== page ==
Deployments - San Diego

San Diego has an interesting history regarding submarines. While first submarine activity around San Diego goes all the way back to 1912 - San Diego didn't have any "official" shore based submarine facilities until 1963. It wasn't until 1981 that Naval Submarine Base San Diego began to be developed - with full "handover" of service and support of submarines not taking place until the mid 1990s.

Yet San Diego has long been one of the primere sites in the world for the support and srevice of submarines. Obviously - this is due to submarine tenders (yes, usually at least two) being deployed to San Diego for most of the century. USS Alert (AS 4) was first to visit with her brood in 1912 - as the new - and barely operable submarines operated up and down the California coast. Alert and Rainbow (AS 7) visited off and on over the next ten years - escorting their ever improving charges as the Navy learned how to operate the boats - and more importantly - as the Navy learned from the Germans in World War I just how effective the boats could be.

In 1926 Holland (AS 3) established the first permanent presence of Submarines at San Diego - with occasional visits from Argonne (AS 10). In 1931 Bushnell (AS 2) joined Holland at San Diego - forming the first long-term "team" deployment.

When the Navy realized that the United States was not going to be able to stay out of World War II - they took advantage of the tender's ability to quickly forward deploy. Holland was sent first to the Philippines - then - like the other tenders - regrouped back some - then began their relentless chase of the Japanese back to their homeland. During the latter years of the war - as Atlantic assets became available for use in the Pacific - Beaver (AS 5) was deployed to San Diego in February 1944 for the remainer of the war.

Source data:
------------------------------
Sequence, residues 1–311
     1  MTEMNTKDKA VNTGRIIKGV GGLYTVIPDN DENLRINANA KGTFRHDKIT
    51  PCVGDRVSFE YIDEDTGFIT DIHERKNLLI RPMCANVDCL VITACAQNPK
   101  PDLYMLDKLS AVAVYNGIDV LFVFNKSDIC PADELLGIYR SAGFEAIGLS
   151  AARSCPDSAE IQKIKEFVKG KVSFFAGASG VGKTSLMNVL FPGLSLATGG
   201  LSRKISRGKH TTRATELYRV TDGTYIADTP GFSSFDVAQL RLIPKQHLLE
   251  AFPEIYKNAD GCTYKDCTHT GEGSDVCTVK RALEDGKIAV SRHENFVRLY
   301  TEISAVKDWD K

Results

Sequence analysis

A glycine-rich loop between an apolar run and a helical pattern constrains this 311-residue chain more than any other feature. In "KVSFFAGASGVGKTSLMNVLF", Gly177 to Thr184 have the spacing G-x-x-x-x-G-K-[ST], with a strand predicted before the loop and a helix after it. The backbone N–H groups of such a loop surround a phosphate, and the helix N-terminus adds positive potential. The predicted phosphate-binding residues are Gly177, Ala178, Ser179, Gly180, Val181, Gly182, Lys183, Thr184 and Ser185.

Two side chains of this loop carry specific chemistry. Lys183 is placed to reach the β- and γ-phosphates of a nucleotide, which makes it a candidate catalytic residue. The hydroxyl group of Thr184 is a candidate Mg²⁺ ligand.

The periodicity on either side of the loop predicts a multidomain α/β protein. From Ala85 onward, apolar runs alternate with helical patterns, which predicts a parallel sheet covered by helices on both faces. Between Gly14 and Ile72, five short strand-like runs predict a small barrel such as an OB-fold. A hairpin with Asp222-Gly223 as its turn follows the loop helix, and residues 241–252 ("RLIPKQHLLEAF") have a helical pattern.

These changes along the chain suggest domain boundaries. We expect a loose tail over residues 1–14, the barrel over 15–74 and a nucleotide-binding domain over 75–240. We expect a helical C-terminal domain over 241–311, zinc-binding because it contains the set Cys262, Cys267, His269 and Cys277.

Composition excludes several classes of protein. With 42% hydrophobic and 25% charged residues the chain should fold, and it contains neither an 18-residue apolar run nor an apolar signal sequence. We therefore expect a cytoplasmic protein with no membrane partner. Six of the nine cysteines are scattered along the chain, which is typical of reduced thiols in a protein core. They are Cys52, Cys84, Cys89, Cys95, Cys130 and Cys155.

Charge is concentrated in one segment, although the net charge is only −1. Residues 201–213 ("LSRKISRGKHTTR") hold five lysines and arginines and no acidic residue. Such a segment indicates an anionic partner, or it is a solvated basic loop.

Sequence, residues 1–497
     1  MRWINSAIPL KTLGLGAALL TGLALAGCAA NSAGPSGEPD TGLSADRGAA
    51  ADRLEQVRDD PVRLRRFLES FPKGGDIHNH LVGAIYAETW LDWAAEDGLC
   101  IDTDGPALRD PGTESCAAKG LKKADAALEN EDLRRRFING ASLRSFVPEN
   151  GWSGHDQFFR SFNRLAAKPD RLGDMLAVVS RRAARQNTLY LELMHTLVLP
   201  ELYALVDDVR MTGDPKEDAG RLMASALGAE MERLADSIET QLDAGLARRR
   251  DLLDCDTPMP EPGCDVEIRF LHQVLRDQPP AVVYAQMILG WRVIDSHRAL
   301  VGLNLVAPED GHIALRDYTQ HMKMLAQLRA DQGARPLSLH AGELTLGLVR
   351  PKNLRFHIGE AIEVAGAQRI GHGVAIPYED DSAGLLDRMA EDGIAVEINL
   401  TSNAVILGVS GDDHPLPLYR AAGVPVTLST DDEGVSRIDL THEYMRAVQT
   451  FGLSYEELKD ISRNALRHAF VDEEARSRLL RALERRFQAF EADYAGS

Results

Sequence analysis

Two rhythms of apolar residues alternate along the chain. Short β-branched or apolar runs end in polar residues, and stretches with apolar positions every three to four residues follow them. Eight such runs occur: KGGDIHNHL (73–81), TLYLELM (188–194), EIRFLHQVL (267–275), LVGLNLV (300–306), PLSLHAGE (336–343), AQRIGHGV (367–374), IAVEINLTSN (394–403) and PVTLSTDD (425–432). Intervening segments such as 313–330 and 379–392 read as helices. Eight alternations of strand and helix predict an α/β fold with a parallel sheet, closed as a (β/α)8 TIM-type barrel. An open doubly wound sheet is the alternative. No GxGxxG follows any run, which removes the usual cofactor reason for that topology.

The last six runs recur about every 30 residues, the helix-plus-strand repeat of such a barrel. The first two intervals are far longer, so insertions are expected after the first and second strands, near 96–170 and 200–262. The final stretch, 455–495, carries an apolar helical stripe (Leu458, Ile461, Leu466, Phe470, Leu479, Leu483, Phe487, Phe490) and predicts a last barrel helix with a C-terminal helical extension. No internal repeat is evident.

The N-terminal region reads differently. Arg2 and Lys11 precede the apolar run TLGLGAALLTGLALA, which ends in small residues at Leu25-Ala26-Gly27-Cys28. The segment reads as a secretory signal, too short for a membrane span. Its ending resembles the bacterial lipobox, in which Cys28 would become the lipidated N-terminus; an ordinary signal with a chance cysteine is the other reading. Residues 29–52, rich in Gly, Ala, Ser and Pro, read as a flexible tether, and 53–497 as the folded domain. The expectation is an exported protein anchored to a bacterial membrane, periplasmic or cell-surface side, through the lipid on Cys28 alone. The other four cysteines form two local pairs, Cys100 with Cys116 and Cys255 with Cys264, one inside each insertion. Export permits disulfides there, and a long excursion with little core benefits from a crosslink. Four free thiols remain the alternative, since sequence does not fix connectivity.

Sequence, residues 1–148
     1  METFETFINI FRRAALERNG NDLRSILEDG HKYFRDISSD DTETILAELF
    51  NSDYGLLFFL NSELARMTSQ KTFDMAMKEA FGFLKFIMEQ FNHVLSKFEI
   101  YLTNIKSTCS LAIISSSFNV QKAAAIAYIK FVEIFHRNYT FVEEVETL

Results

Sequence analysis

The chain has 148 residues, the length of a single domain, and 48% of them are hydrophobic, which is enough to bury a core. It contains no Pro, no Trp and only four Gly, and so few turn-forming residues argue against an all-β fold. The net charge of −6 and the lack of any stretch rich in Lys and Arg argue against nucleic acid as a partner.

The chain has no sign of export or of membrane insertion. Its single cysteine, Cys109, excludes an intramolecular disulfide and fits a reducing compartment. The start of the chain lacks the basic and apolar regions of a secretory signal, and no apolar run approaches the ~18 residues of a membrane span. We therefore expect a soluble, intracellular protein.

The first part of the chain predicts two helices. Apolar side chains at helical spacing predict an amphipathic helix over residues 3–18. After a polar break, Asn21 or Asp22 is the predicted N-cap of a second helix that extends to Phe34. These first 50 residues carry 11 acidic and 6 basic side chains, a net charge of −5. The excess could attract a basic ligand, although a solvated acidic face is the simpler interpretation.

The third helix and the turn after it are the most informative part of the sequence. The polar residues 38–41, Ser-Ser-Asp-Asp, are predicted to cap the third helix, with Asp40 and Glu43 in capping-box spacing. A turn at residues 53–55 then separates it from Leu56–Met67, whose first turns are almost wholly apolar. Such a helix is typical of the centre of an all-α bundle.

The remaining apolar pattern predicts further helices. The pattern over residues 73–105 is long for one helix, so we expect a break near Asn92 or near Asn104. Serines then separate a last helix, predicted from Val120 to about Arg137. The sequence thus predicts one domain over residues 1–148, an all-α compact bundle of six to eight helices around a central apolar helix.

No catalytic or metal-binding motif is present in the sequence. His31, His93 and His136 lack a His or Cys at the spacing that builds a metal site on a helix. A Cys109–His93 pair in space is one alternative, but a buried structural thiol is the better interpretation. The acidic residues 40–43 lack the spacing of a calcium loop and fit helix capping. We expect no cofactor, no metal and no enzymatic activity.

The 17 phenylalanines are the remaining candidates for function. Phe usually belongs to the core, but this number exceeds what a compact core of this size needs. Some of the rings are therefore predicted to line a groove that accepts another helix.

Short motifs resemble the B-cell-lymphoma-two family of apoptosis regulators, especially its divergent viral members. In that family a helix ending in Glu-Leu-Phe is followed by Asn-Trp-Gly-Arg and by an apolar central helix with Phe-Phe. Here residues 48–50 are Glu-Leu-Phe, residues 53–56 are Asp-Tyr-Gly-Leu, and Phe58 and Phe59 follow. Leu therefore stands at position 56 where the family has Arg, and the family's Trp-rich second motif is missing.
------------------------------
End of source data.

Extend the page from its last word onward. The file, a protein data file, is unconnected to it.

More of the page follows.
After World War II - Sperry was sent to the yards for an overhaul - and when completed - deployed to San Diego - arriving there in July, 1947. Nereus (AS 17) joined Sperry in 1948 - and the two were "Sub base San Diego" until mid 1971. At the end of 1971 Dixon (AS 37) replaced Nereus. For the Next 10 years Sperry and Dixon were the Deployed pair. In Spetember 1981 McKee (AS 41) arrived - and began taking the load from Sperry - whom the retired a year later. For those three years - San Diego had three tenders deployed servicing much of the Pacific Fast Attack Fleet.

Sperry and Nereus at their post - which they stood from the mid 1960's until Nereus was retired in 1971 - relieved by Dixon.

USS Dixon, USS Proteus and USS Sperry at San Diego (likely 1980)

Sperry and Dixon at San Diego - where they served together from 1971 to 1982 when McKee relieved Sperry.

As noted - in 1981 the Navy had started building a permanent shore facility - and by the mid 1980s - it began taking more and more of the work load. During this time Dixon and McKee began serving various deployments about the Pacific - leaving the other tender at San Diego to provide needed services. When Dixon was retired in 1995 - McKee became the sole tender at San Diego - though she too was increasingly available for various deployments elsewhere. In 1998 - McKee began the final phase of "turn over" where all submarine support at San Diego would be handled by the shore facility - ending 70 years of nearly continous tender deployments at San Diego.

USS McKee on one of many deployments from San Diego

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